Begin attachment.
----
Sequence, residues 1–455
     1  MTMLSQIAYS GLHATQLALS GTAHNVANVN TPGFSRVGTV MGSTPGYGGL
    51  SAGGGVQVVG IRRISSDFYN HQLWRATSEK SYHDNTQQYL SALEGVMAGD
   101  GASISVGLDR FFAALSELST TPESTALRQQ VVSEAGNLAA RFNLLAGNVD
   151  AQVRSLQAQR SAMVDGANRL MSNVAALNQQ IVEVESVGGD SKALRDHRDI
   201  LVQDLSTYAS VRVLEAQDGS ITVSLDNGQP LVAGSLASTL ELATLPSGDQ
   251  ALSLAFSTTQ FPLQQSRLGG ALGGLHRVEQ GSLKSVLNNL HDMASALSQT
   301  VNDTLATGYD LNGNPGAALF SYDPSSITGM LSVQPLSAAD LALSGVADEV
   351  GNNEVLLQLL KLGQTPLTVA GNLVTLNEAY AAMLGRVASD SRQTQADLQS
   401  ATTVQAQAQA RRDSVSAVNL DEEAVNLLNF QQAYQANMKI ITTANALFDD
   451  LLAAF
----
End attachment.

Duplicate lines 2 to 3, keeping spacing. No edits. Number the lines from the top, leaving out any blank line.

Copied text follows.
     1  MTMLSQIAYS GLHATQLALS GTAHNVANVN TPGFSRVGTV MGSTPGYGGL
    51  SAGGGVQVVG IRRISSDFYN HQLWRATSEK SYHDNTQQYL SALEGVMAGD